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The Production and Composition of Gorilla Glass Armor

Modern smartphones are delicate and prone to damage, which is why protective cases are so popular. One of the key components in smartphone durability is the screen, which needs tough, transparent material to resist scratches and damage. That’s where Gorilla Glass comes in.

The first iPhone had a plastic screen that quickly got scratched. To fix this issue, Corning, an American glass and ceramics company, was asked to develop a solution. The result was Gorilla Glass, introduced in 2007.

Corning actually started experimenting with this type of glass in the 1960s, and in 2005 began steps toward developing a product for consumer electronics. Gorilla Glass differs from tempered glass, relying on chemical processes to make it harder and more resistant to damage through a process called ion exchange.

This process involves dipping a sheet of regular glass in a bath of hot, molten potassium salt at extreme temperatures, which replaces smaller sodium ions with larger potassium ions, forming tighter bonds to make the surface of the glass more durable.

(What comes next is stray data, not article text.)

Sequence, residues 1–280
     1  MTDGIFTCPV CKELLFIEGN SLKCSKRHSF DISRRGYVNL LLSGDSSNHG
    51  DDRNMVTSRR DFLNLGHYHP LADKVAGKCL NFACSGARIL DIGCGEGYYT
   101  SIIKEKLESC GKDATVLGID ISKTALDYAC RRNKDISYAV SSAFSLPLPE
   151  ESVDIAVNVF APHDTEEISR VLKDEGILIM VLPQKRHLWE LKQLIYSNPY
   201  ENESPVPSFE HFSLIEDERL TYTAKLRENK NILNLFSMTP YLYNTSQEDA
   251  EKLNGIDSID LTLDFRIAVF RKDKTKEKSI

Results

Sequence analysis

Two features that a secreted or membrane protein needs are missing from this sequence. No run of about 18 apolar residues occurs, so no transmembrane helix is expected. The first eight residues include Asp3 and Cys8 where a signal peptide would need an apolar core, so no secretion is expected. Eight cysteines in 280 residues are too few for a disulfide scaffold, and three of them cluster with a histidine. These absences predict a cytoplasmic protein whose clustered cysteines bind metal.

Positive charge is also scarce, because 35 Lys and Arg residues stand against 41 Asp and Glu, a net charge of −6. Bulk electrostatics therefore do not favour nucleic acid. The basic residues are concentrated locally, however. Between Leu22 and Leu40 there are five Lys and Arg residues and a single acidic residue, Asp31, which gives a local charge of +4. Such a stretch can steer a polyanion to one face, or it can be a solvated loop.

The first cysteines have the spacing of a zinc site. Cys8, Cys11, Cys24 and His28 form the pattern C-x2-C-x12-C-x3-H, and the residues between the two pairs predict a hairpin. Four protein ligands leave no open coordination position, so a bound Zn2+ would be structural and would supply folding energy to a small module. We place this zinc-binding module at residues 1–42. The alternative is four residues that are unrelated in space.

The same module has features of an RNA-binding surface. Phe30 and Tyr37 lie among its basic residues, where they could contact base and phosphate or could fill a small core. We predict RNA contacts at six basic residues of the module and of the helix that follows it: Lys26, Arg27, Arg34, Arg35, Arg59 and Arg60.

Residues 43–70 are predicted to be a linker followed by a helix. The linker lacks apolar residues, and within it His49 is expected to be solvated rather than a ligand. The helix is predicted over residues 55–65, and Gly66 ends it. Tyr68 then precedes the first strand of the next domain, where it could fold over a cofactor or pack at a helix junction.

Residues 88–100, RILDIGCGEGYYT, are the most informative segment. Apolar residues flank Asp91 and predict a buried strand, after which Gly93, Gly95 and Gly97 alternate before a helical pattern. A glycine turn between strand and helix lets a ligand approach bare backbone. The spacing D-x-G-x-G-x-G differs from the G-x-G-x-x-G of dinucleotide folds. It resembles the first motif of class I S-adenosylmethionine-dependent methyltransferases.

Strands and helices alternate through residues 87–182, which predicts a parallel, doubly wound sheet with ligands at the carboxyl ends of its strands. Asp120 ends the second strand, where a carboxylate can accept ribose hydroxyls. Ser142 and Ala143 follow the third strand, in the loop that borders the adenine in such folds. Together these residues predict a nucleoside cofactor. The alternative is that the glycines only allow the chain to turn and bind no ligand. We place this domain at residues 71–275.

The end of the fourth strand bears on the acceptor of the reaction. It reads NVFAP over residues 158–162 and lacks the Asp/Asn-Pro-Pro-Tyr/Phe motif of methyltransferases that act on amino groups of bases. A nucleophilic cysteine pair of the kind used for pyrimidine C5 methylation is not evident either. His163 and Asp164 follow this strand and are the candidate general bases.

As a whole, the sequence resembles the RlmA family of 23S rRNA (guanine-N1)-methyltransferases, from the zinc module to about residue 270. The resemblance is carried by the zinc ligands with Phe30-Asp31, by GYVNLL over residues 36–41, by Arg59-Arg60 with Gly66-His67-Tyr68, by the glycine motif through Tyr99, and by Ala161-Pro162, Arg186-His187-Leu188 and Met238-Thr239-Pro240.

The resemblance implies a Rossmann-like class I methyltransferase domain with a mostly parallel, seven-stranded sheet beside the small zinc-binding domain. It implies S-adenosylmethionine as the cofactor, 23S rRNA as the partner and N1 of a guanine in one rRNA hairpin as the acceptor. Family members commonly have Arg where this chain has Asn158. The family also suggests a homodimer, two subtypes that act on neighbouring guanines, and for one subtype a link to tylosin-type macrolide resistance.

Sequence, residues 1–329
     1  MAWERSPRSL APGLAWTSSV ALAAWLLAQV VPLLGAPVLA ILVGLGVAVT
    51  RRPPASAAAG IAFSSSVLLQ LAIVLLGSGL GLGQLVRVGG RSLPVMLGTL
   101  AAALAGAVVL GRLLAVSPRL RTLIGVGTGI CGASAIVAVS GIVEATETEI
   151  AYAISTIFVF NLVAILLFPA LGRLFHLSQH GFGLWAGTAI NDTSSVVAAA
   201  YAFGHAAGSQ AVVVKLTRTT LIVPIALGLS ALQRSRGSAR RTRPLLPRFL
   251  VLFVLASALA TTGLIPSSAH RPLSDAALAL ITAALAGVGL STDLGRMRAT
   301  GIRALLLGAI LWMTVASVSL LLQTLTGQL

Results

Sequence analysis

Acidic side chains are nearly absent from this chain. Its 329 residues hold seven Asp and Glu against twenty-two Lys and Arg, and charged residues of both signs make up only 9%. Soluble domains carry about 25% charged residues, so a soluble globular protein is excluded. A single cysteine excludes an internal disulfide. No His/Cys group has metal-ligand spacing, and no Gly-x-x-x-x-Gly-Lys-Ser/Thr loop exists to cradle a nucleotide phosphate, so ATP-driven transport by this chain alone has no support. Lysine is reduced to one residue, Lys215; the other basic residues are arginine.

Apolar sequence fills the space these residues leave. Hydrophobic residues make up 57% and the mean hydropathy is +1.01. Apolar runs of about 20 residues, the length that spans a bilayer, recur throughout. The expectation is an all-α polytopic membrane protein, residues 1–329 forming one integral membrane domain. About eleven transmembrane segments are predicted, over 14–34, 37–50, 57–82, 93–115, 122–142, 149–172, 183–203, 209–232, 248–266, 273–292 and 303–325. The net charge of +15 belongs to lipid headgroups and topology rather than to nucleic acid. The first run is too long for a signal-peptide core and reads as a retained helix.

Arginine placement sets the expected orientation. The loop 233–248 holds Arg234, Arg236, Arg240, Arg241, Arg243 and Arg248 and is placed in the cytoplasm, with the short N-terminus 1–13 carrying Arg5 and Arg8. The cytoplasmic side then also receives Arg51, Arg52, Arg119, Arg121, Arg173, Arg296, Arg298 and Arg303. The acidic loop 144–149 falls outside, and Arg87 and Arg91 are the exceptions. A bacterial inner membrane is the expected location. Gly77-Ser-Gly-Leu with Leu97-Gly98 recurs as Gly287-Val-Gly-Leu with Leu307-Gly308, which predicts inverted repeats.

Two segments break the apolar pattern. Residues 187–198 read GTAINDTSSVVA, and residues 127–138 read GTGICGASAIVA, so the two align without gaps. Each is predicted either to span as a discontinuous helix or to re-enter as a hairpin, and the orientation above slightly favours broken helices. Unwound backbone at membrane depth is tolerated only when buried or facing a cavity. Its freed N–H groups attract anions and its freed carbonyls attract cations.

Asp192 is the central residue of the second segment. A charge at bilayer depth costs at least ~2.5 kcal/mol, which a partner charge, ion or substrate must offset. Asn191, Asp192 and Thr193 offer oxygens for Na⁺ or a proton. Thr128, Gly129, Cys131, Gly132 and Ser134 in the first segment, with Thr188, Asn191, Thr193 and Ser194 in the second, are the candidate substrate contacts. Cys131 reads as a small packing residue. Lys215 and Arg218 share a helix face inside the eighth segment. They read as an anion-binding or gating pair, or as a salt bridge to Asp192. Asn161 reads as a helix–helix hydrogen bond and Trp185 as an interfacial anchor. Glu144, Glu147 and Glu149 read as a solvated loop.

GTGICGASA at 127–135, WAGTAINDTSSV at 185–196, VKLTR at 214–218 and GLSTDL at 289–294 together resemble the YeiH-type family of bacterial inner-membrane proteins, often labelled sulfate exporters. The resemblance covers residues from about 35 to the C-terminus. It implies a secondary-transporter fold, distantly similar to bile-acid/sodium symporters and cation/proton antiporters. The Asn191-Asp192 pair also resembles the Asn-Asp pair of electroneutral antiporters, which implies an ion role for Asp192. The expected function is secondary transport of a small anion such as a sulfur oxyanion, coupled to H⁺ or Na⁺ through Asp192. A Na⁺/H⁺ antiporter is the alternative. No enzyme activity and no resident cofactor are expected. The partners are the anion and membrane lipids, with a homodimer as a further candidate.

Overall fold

Since its introduction in 2008, Corning has developed different Gorilla Glass models. In January 2024, Corning unveiled Gorilla Glass Armor, claiming up to three times better performance in drop tests and four times the scratch resistance compared to rival aluminosilicate cover glasses, as well as enhancing visual clarity.

While the differences between generations of Gorilla Glass may seem small, these factors can make a difference in preventing screen breakage. It’s important to have the latest version on your phone to ensure the best protection.

Gorilla Glass is not only used in smartphone displays, but also in car windshields, windows for residential and business buildings, laptop, monitor, and TV displays, and many other tough and scratch-resistant glass applications.

While Gorilla Glass is harder and more durable than normal glass, it does have alternatives, such as Sapphire Crystal. However, Sapphire Crystal is deemed too expensive and overkill for the mainstream smartphone market, and also transmits less light, resulting in dimmer displays.

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